SK: Congratulations on making PopCrush’s About to Pop list! You beat out heavyweight artists like Rihanna, Ne-Yo and Justin Timberlake. Why do you think your single “Fix You” has done so well?

VC: No idea. I am incredibly flattered. It's nerve-wracking ― I put so much emotion in there and putting it out for the public to criticize and not know how people are going to take it. Thankfully, I hope it keeps going this way. People have been so supportive and people have come up to me and told me how much it meant to them. It has been an incredible few weeks for me.

SK: What idea spurred the inspiration behind “Fix You?”

VC: Myself and the people I wrote this song with got along so well, and it was so weird. [The] first two hours of our writing session, we felt so comfortable to share our emotions and write something beautiful. We took tainted and tortured situations and formed something to create a song. It was something that we all collectively pulled out.

SK: You have to tell us, in the music video the relationship between the protagonist — you — and the victimized female ― is it sisterly, friendly or something more?

VC: Creating it with the director, we wanted something to be relatable and seen in many different lights, and how someone relates to it lies within you.

SK: Well, Vita, good luck with all your future endeavors! How do you plan on staying true to your identity as you evolve in the industry?

VC: I have a good grasp on myself now. Growing up, you never stop discovering who you are throughout your life. I mean, you have ideas of what you like and don't like and you learn how you react to them. Right now, I know who I am and I know what I want to say, and how I want people to view me.

A message to aspiring artists and fans

SK: What advice do you have for people who get stage fright? I’m sure performing at the Thanksgiving Day halftime show in 2009 was intimidating.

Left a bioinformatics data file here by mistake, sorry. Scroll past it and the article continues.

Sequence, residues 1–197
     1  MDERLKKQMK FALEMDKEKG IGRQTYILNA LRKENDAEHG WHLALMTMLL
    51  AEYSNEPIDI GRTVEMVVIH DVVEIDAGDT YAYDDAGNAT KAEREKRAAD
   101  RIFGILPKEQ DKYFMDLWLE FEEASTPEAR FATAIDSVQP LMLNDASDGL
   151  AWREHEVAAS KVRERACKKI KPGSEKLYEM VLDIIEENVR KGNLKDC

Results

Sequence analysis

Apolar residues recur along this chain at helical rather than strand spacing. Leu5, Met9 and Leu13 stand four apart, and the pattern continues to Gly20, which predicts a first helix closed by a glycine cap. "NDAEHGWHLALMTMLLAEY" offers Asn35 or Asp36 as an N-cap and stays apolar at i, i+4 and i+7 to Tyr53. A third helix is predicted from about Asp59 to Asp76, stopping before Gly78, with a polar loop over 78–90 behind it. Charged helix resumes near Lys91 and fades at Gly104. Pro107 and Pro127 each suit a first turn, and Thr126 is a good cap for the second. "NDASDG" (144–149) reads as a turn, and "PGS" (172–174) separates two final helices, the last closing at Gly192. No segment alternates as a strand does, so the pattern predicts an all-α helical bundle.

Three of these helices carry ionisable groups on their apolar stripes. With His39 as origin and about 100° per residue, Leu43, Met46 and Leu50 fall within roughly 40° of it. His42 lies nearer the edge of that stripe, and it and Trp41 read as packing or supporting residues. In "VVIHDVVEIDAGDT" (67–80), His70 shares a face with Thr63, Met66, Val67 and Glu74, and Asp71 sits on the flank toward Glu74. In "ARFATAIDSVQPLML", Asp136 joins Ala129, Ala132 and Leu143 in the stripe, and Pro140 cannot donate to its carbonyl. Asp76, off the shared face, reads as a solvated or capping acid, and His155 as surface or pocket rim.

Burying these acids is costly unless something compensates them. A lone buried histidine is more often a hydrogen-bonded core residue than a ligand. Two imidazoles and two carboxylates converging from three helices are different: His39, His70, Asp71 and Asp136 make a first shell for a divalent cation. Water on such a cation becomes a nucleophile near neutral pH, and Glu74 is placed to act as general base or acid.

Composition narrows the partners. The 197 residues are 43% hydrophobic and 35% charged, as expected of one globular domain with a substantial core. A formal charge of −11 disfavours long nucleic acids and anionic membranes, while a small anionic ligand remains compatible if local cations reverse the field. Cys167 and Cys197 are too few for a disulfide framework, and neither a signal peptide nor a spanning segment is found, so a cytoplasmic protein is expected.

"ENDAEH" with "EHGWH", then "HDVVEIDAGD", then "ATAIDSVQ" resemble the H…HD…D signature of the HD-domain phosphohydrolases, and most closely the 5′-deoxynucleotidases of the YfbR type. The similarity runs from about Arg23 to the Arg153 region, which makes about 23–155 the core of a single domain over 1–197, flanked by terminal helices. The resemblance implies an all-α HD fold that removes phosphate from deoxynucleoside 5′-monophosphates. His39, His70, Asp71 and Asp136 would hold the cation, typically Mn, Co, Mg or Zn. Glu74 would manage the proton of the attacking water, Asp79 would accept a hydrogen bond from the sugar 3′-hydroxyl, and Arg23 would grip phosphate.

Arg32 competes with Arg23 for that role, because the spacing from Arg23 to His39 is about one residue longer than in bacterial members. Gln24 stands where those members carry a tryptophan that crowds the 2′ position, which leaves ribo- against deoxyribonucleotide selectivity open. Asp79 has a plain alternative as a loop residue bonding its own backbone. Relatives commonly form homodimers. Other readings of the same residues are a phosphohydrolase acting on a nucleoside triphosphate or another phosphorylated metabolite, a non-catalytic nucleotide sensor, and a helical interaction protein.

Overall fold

VC: I still get stage fright before I perform! Advice from one of my vocal coaches stuck with me: Perform for yourself. Remember why you love music and acting or whatever you perform. Make it the best for you and know why you love what you're doing, and perform with that in mind. When you are having a good time on stage, it becomes infectious. Once [the audience] gives you the same energy back, you can feed off it.

SK: Both you and Justin really benefited from the use of social networking: YouTube for him, Myspace for you. What advice do you have for other artists that are trying to use these routes?

VC: The fact that you have this vehicle ― the internet ― that is so accessible is so great and so important, and use every avenue you can. Never be afraid to put out your stuff and your art ― and you get lots of feedback, so don't be afraid.

Looks like Justin Bieber still hasn't quite mastered the internet yet with his latest scandal! >>

SK: Finally, what is the most important characteristic a new artist should have to make it in the music industry today?

VC: Gumption. Not being afraid to stand up to give a piece of your mind.

Check out Vita Chambers' phenomenal cover of Swedish House Mafia's "Don't You Worry Child" below:

Photo courtesy of PNP/WENN.com